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Its also worth being careful with publishing your GPS data. If I look at the Strava heatmap of my local estate I can easily spot houses of at least a dozen folk who ride often.

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zanf [932 posts] 3 years ago
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al_bullit wrote:

Its also worth being careful with publishing your GPS data. If I look at the Strava heatmap of my local estate I can easily spot houses of at least a dozen folk who ride often.

There is a setting to block out your data for about 1 mile around your house.

https://www.strava.com/settings/privacy

Then set a privacy zone around your address. If you put a big road near your house, rather than a specific address, it will block out quite a large area.

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chokofingrz [407 posts] 3 years ago
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Now I'm paranoid that some dimwit will mistake my bike for an expensive model and come round to relieve me of it.

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bikebot [2119 posts] 3 years ago
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I really hope some of the tracker technologies that are slowly dropping in price are going to start impacting bike crime. I wonder how much it would add to the cost of a bike if they all had an NFC identity tag fixed into the frame at manufacture? Probably pennies.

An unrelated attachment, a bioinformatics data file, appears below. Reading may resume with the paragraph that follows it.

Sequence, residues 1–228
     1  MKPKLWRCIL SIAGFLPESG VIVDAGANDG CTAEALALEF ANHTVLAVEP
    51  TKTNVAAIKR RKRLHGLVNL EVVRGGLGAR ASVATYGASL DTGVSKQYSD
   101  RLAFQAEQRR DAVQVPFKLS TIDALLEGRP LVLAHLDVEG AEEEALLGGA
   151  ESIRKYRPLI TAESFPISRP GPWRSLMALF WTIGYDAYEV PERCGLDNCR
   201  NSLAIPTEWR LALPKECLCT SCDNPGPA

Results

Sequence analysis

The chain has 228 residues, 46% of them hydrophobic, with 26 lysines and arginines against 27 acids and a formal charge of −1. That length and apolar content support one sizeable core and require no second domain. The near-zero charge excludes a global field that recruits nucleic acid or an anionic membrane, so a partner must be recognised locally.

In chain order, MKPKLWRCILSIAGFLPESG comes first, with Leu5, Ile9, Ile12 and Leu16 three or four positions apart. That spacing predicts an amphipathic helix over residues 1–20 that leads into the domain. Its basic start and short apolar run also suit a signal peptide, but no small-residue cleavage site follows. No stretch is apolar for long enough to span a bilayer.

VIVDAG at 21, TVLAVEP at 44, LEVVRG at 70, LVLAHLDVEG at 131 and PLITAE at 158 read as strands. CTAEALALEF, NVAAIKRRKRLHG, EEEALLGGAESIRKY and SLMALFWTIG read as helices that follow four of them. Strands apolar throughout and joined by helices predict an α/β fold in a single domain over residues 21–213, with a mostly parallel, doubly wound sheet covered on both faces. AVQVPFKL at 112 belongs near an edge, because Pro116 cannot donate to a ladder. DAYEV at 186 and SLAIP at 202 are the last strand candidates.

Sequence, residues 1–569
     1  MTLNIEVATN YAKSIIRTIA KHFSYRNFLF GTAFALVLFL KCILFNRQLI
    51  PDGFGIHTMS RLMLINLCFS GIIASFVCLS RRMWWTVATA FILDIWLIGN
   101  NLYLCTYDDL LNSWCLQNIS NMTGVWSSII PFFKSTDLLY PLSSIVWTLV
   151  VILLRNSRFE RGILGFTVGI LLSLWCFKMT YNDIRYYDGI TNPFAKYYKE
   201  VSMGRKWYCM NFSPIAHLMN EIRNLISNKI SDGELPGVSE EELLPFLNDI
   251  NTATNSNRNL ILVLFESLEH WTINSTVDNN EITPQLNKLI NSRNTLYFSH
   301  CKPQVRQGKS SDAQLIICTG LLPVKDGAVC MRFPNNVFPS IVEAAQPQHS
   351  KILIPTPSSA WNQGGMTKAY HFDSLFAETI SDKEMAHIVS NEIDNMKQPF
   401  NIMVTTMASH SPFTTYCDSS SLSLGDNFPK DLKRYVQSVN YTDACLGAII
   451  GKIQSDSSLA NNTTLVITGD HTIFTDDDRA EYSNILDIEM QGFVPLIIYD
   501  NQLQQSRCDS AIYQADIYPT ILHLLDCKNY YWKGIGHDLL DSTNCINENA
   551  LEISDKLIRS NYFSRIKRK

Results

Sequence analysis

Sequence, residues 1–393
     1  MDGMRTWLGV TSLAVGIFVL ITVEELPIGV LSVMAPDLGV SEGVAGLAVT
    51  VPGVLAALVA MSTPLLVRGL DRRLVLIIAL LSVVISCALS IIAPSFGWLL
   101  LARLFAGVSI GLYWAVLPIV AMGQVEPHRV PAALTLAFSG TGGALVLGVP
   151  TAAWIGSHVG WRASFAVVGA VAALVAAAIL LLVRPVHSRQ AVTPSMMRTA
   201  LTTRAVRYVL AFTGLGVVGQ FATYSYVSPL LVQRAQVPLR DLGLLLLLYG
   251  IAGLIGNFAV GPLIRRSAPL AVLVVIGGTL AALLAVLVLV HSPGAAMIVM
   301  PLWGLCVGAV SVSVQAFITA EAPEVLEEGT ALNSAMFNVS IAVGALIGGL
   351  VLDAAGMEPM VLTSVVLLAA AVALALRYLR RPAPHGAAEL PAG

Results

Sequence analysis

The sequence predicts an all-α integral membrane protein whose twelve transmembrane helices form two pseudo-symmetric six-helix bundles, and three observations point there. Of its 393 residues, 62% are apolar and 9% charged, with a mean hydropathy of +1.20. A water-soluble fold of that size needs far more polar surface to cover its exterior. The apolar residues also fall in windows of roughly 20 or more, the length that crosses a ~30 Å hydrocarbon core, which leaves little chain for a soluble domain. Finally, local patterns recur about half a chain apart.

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djpalmer32 [88 posts] 3 years ago
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bikebot wrote:

I really hope some of the tracker technologies that are slowly dropping in price are going to start impacting bike crime. I wonder how much it would add to the cost of a bike if they all had an NFC identity tag fixed into the frame at manufacture? Probably pennies.

Bike Register do a RFID tag for £22.99
https://www.bikeregister.com/shop/bikeregister/rfid

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bikebot [2119 posts] 3 years ago